You could open a battery store with the amount you have in that shot. :yum:

1 Like

Two devices burn batteries for me:

  1. SmartThings arrival sensors
  2. One out of five Iris sensors just torches batteries.
1 Like

With over a hundred battery powered devices I have far more interaction with changing batteries than I would like. As a general rule, SmartThings branded devices have mediocre battery life. My system has a healthy mix of ST and Iris devices. I measure Iris battery life in years while ST devices in months.

I log every battery change and have noted battery life to be fairly consistent no matter how much Motion or contact triggers occur.

ST Arrival Sensor - 3 Months
ST Multipurpose - 6 Months, False triggers after 4.
ST Motion - 10-12 Months

Iris Keyfob - 4 Months
Iris Door/Window - 21 to 24 Months (and still going)
Iris Motion - 19 to 24 Months (and still going)

I suspect the choice of coin cell batteries over CR2 is one significant limitation resulting in reduced battery life.


I don’t have that. I use standard DTHs. I have a smartapp querying the temperature and battery level every 3h and to my understanding that doesn’t trigger the sensors to do anything but query the DTH current values.
One thing I noted is: sensors that are away (arrival) or open (multipurpose) most of the time in the day consume much faster than those home/close.

These are ST sensors. Some like the arrival and 3 of the multipurpose were replaced by ST with newer HW (arrival _HA, multipurpose multiv4).

I have since the beginning 2 ST smartplugs. One is at one corner of the house, the other one at the other corner. The hub is in the middle of the house. I moved my network setup after having the first issues. So now the hub is really at the center of the house. There is not sensor at more than 10m, now this is a standard wood house with wood walls. I added 2 more smartplugs since the last 4 months at locations in the house. The problem is that I don’t know any tool I could use to assess the quality of my mesh.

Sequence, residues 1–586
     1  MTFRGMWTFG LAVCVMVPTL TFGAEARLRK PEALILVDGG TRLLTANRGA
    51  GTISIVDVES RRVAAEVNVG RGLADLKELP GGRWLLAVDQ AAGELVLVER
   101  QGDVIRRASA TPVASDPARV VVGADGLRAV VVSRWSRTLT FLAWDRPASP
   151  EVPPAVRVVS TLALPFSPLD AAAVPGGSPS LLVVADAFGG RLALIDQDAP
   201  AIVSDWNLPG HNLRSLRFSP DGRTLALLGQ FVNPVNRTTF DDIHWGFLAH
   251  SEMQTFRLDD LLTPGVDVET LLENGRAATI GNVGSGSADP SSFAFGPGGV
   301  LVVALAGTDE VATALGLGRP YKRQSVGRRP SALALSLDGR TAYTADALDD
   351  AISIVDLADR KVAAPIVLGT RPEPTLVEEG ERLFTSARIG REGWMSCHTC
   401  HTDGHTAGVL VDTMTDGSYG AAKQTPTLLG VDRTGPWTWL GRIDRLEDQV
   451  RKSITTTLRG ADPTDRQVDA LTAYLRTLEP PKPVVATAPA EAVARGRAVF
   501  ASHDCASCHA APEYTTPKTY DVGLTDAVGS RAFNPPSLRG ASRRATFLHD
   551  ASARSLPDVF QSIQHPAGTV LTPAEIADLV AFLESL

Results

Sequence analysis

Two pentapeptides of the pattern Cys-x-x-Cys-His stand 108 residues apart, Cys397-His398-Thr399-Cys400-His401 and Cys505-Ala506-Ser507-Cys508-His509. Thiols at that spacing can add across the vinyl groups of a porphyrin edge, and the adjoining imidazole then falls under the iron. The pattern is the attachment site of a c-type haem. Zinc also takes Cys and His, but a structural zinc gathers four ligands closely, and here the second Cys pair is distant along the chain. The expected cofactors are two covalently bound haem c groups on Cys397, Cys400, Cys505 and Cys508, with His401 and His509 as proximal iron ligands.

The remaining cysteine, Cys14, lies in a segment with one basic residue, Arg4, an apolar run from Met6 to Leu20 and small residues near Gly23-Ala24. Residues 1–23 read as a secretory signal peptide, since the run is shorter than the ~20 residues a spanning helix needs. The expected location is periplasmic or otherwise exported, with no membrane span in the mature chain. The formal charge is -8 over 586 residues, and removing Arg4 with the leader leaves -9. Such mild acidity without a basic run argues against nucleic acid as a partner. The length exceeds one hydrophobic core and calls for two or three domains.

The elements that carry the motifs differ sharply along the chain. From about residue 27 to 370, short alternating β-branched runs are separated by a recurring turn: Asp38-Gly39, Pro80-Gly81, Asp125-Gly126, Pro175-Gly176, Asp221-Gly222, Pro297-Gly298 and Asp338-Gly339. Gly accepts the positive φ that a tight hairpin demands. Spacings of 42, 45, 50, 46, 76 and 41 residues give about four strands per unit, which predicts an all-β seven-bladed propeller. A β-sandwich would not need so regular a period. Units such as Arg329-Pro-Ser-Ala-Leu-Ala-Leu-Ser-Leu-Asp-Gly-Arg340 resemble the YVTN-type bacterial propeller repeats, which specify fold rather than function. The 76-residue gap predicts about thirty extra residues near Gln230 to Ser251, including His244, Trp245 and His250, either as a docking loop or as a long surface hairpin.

I bought indifferently genuine Panasonic and other brand. This is true that other brand might have lower life-time versus Panasonic, but that is not like double.

1 Like

I forgot to mention that the arrival sensor devices are set to ping every 30 seconds no matter what is happening and whether the device is at home or away. So my own expectation for battery life on that type of device with typical use would be 4 to 6 months. That’s less than the sleepy devices like the sensors Which do something different if they are triggered. But I don’t know what the spec’d battery life is officially. And I do know some people have reported Defective arrival sensors which were running through batteries in a week or 10 days.

When I was using a smartthings arrival sensor I generally got four months battery life out of it each time.

1 Like

hahaha, I am considering indeed…


This would be something I would love to see.


I made it almost exactly one year with mine. Lottery ticket.

1 Like

Yes, I spent 1 year home. My wife with her arrival in her bag at office for let’s say 9 to 10hs a day, mine home. The difference of behavior was very very visible. So I am not sure the ping is no dynamic so that when the device is in the range of the hub, it might decrease the numbers of pings till the timeout we discussed the other day in another post.

So is there a tool or something to measure strength of mesh or a tool to see what all connected devices are routing through within the mesh at any given time? That would be something that I think everyone would love to have.

1 Like